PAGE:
Amaranth Advantage Cultivated by the Aztecs 8,000 years ago and still a native crop in Peru, the ancient history of amaranth can be traced to Mexico and the Yucatan Peninsula. Today, it’s grown in Africa, India, China, Russia, throughout South America , and emerging once again in North America. Why is amaranth banned in the US?
When growing amaranth, harvest time depends on what you are growing the plants for. Leaves can be ready a month after planting, while flowers take about 2 months and seeds up to 3 or more months. Harvesting Leaves, Seeds and Flowers Amaranth leaves are ready to harvest in about 30 -45 days.
It normally grows to about 4 or 6 feet with maroon or crimson color seed heads. The amaranth grains are tiny, only a millimeter in diameter, round to oval, usually off-white to brown in color, and one gram of seeds hold about 1,000-3,000 seeds.
What are amaranth seeds?
Amaranth is an ancient grain that is similar to quinoa. The small, light tan colored seed is cooked similarly to rice and oats and eaten as a pilaf or porridge. Amaranth is also ground into a flour and used in baking, particularly in recipes that are gluten-free.
Amaranth is a group of more than 60 different species of grains that have been cultivated for about 8,000 years. Amaranth is classified as a pseudocereal, meaning that it’s not technically a cereal grain like wheat or oats, but it shares a comparable set of nutrients and is used in similar ways. See further detail related to it here.
This of course begs the question “What kind of soil does amaranth like?”
Amaranth plants grow well in average to rich, well-draining soil with equal amounts of nitrogen and phosphorus. Like many vegetable crops, it needs at least five hours of sunlight a day to do well. While it grows best in moist but well drained soil, it will tolerate somewhat dry soil too.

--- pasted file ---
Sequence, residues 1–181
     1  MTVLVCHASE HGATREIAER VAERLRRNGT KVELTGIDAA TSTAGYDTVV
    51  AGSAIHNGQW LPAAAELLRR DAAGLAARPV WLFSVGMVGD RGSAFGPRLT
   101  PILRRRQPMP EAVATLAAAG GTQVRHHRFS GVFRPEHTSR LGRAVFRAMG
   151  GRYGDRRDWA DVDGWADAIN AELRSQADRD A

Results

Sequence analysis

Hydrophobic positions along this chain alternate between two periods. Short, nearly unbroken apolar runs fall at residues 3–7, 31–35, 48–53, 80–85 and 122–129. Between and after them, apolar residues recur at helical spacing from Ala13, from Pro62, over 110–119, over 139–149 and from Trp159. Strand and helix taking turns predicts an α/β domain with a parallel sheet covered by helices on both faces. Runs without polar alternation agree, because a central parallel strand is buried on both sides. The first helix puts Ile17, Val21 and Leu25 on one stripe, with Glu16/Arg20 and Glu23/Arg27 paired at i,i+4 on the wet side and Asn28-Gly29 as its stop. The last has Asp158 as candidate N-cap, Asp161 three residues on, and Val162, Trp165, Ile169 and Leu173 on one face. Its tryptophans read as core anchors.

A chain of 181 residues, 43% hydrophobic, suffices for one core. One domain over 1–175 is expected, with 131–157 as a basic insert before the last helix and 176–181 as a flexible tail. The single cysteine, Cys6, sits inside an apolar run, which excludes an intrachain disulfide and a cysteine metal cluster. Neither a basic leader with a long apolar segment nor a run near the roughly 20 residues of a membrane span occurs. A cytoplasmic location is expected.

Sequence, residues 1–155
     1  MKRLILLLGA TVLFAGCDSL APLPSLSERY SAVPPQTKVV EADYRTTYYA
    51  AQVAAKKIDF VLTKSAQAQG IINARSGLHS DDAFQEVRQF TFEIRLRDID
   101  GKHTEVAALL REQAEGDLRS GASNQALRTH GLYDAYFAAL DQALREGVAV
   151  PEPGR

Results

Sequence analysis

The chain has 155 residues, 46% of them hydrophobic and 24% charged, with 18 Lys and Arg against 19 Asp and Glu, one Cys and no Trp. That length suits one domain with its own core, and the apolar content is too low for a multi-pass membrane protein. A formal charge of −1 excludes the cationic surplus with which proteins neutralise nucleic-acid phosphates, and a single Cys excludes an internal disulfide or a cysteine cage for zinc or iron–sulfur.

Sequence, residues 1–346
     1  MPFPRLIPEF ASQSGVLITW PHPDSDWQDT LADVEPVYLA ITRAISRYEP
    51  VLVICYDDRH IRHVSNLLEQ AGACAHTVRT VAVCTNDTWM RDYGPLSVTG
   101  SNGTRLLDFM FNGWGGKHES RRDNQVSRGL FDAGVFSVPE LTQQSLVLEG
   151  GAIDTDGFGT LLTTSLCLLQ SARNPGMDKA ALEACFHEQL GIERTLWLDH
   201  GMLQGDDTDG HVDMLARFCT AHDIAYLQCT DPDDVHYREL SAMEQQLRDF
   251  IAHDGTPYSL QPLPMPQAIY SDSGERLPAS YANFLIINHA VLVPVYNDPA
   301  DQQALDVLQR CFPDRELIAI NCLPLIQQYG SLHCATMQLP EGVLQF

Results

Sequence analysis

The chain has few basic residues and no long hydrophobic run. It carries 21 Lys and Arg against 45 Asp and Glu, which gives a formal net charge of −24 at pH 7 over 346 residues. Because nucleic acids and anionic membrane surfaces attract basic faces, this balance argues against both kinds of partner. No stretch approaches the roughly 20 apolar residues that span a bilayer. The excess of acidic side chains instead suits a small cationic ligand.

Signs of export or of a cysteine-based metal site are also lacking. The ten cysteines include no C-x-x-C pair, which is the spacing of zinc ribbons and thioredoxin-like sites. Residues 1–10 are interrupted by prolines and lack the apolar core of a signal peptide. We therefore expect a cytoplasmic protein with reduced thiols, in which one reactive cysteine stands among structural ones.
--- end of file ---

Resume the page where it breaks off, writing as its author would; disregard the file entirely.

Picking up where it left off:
Amaranth is considered a ” pseudocereal ” rather than an actual grain since it’s technically a seed . Other examples of pseudocereals are buckwheat and quinoa; both amaranth and quinoa are from the family Amaranthaceae.
If you want to grow amaranth as a grain, some amaranth varieties to consider include: 1 Amaranthus caudatus 2 Amaranthus cruentus 3 Amaranthus hypochondriacus 4 Amaranthus retroflexus More.
Amaranth has more protein than wheat; whereas 1 cup of whole wheat flour has 16 grams of protein, 1 cup of raw amaranth contains 28.1 grams. Oats are a close second with 26.3 grams of protein. Raw white rice contains 13.1 grams, and white flour has 11 grams of protein.
Is amaranth a good food crop?
Though the amaranth plant is typically grown as a decorative flower in North America and Europe, it is, in fact, an excellent food crop that is grown in many parts of the world. Growing amaranth for food is fun and interesting, and adds a little bit of something different to your vegetable garden.
Amaranth’s protein digestibility score is an impressive 90 percent , much higher than problematic foods such as soy, milk and wheat. Amaranth seeds contain 5 percent to 9 percent high-quality oil, again, much higher than the common grains.
You should be wondering “Is amaranth a good source of vitamin-E?”
Being seeds instead of cereal grains, amaranth indeed is an excellent source of vitamin-E (α-tocopherol). 100 g of seeds carry 1.8 mg or 8% of daily recommended levels of this vitamin. The seeds are also a prominent source of essential fatty acids.
What is the glycemic index of amaranth&wheat?
A mix consisting of half amaranth and half wheat has a GI of 75.5, and a mix containing 25 percent amaranth and 75 percent wheat has a GI of 65.6, similar to that of wheat alone, which has a GI of 65.7.